We might be prone to giving Gideon a hard time, but how many times do we play these same sorts of head games with ourselves. God might be leading you to share the gospel with a classmate and so you do things like. “OK God if you are really telling me to share with them, then they will be the first one in class today” or “They will be sitting up front by the teacher.” And all sorts of stuff like that. Just so you know, it’s not the devil telling you to share the gospel with someone and it wasn’t the devil wanting to free Israel. We just need some help and encouragement knowing that God is going to go with us.

Sometimes God does come down to our terms like he did with Gideon and the fleece. Most often he delivers on his terms, like with this dream that Gideon overhears the man talking about. Gideon is so pumped about this that he runs back and rallies the troops… all 300 of them and hatches a plan.

  • Often it isn’t a matter of supernatural ability, but natural ability used in a supernatural way. (Gideon is more like batman than superman)

And he divided the 300 men into three companies and put trumpets into the hands of all of them and empty jars, with torches inside the jars. And he said to them, “Look at me, and do likewise. When I come to the outskirts of the camp, do as I do. When I blow the trumpet, I and all who are with me, then blow the trumpets also on every side of all the camp and shout, ‘For the LORD and for Gideon.'” So Gideon and the hundred men who were with him came to the outskirts of the camp at the beginning of the middle watch, when they had just set the watch. And they blew the trumpets and smashed the jars that were in their hands. Then the three companies blew the trumpets and broke the jars. They held in their left hands the torches, and in their right hands the trumpets to blow. And they cried out, “A sword for the LORD and for Gideon!” Every man stood in his place around the camp, and all the army ran. They cried out and fled. When they blew the 300 trumpets, the LORD set every man’s sword against his comrade and against all the army. And the army fled as far as Beth-shittah toward Zererah, as far as the border of Abel-meholah, by Tabbath. And the men of Israel were called out from Naphtali and from Asher and from all Manasseh, and they pursued after Midian. Gideon sent messengers throughout all the hill country of Ephraim, saying, “Come down against the Midianites and capture the waters against them, as far as Beth-barah, and also the Jordan.” So all the men of Ephraim were called out, and they captured the waters as far as Beth-barah, and also the Jordan. And they captured the two princes of Midian, Oreb and Zeeb. They killed Oreb at the rock of Oreb, and Zeeb they killed at the winepress of Zeeb. Then they pursued Midian, and they brought the heads of Oreb and Zeeb to Gideon across the Jordan. (Judges 7:16-25 ESV)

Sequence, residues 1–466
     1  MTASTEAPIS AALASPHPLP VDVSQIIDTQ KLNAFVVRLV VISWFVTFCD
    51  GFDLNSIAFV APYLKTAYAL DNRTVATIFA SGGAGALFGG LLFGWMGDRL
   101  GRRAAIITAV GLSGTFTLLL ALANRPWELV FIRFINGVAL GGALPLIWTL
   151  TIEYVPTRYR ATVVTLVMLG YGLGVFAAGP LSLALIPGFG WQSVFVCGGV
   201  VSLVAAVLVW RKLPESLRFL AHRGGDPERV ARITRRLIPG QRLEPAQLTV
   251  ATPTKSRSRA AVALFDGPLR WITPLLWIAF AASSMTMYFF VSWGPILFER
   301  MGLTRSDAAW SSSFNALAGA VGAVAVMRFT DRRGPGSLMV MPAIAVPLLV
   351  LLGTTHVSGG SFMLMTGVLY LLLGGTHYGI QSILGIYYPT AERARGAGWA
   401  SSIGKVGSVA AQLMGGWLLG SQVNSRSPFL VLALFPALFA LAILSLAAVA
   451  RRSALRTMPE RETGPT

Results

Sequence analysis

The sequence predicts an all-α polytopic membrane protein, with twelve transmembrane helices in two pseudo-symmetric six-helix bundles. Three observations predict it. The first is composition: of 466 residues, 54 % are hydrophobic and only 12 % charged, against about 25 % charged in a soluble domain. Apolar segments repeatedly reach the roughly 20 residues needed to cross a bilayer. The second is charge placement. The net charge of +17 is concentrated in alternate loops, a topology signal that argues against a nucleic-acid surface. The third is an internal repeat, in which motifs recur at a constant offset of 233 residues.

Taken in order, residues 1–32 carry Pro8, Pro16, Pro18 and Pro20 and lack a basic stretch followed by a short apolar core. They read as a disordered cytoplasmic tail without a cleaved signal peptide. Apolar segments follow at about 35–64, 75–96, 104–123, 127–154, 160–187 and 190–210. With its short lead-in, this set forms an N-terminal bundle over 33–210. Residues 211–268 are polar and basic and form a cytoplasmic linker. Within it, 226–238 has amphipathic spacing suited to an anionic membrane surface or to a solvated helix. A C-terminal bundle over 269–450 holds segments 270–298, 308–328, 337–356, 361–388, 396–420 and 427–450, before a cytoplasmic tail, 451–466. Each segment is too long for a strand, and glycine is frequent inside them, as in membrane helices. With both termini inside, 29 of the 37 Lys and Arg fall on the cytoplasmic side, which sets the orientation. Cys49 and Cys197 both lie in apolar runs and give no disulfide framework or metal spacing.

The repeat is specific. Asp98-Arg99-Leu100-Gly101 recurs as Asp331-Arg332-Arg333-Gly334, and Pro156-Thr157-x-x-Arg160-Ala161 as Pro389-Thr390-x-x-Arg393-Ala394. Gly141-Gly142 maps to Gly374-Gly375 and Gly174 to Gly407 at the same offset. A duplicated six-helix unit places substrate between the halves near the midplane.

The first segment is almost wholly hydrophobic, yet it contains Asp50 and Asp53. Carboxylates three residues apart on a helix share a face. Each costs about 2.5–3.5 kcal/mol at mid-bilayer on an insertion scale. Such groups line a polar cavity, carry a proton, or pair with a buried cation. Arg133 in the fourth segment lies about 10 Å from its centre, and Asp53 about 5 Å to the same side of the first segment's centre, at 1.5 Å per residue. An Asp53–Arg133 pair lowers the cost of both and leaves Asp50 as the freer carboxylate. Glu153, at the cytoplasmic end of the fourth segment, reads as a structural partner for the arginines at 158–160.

This plan is ingenious! Gideon’s men surround the camp. They wait for a shift change. This is important because here is what would have happened at a shift change. 1/3 of the army would have been asleep. 1/3 of the army would have just woken up and taken their spot to guard the perimeter of the camp. And 1/3 of the army would be walking back to their tents with their weapons having just come off guard duty. So the 1/3 of the guys who were asleep get woken up in the middle of the night. They hear the enemy trumpets. They grab their weapons and behold there are already armed men in the camp. They go straight to battle not knowing that they are fighting their own guys. The guys on guard duty turn around and see people fighting and think the enemy has already advanced through the camp and so they join the fray and a massive army destroys itself in one night.

The cool thing is that this little plan seems to be Gideon’s plan. God used Gideon in his weakness to hatch a really cool plan that would deliver the whole army into their hand without much fighting. Gideon’s God given military brilliance would have never come to light had he not been pushed into leading the nation of Israel.